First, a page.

Sun takes on Microsoft and IBM with Linux servers

Sun says its general purpose Linux servers are intended for users who don't want to pay Microsoft fees or who can't understand IBM's convoluted Unix strategy
Written by Tiffany Kary, Contributor and  Peter Judge, Contributor

Sun Microsystems plans to sell general-purpose Linux servers based on x86 hardware, a dramatic departure for the company that for years has advocated its own Solaris operating system and Sparc processor.

The servers will be aimed at the "edge", where NT servers currently hold sway, but small Linux vendors have established a substantial presence, said Sun's president and chief operating officer, Ed Zander, on Thursday. He admitted that in this zone, "the operating system is not a differentiator." Users want to avoid paying fees to Microsoft. Instead of the operating system, the application environment -- Java and XML, in Sun's vision, has become the unifying factor, he said.

Sun is the only server vendor able to fully promote Linux, because it is the only one not constrained by the need to support its own NT business, said Zander. "Look at where the (Linux) revenue is coming from," he said. "It is coming from a white box at the low end running small applications. An operating system on a box is just that. Core enabling technologies like Java are where the real value is."

IBM's commitment to low-end NT machines had produced what Zander described as a "complex, convoluted costly strategy," culminating in a Linux-only mainframe. IBM has it wrong, said Zander, because "Linux on the client is growing at a hundred times the clip of Linux on the server."

Zander emphasised that, though the servers are developed from the specialised Linux systems sold by Sun's Cobalt subsidiary, they will not replace those servers: "We will still market Linux on Cobalt as an appliance," he said.

Sun will also ship a full version of the Linux operating system, offer the complete Sun ONE network environment on Linux, contribute to Linux intellectual property, and offer the same user environment (Gnome) for both Linux and Solaris. The company added it will "aggressively participate in the Linux community," offering key components of its Solaris operating system for free.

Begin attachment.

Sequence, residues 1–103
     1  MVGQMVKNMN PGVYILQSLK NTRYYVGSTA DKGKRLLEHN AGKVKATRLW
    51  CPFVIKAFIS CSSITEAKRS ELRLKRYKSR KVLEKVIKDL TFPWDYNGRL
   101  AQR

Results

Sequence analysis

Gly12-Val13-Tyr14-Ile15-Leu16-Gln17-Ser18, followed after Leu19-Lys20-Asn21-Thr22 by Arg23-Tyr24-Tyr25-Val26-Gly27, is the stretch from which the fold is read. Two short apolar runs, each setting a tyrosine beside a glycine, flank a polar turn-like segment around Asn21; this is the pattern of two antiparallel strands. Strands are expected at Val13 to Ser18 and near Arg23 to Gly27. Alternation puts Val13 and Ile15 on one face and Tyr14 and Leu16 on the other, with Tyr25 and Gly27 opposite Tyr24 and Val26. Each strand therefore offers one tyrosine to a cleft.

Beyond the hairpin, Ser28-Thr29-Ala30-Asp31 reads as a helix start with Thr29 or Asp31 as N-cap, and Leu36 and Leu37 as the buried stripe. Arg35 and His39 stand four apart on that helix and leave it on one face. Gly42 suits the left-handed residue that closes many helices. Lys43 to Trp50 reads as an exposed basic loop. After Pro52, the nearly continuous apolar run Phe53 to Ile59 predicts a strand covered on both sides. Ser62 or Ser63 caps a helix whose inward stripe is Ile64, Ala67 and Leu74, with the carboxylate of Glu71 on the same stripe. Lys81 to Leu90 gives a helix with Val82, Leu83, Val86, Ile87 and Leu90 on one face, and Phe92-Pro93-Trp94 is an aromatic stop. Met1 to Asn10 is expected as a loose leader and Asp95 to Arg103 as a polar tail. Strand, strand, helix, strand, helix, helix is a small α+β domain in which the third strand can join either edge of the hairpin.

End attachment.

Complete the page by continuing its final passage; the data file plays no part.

Analysts at the event took Sun to task for abandoning its insistence on a single platform, but Zander responded that the company had already shipped 100,000 copies of x86 Linux in a year on Cobalt, and this announcement expanded that to general purpose machines. "We need to respond to the economics of the edge," he said.

Concrete announcements about pricing and product releases will have to wait till the second calendar quarter of this year.

"This is great for the development community," Zander said on a conference call on Thursday. "It brings Solaris developers, which are 300,000, together with Linux developers."

Zander was keen to present this as a strategy against Microsoft, and play down any possible conflicts between Linux and Solaris. "This is an alternative to anyone that wants an alternative to the Microsoft or the IBM environment, which is very controlling," Zander said.

"This is a way to bring Linux applications into the Solaris environment," Zander said. Sun said that although it now lets Linux applications run in a Solaris environment, it has no plans to enable Solaris applications to run in a Linux environment.

"When a Linux application runs in Solaris, you get superior scalability that comes with Solaris," Zander said, noting that Sun will soon be 20 years old, and Linux was developed over time, "modelling after Solaris."

CNET News.com's Tiffany Kary contributed to this report.

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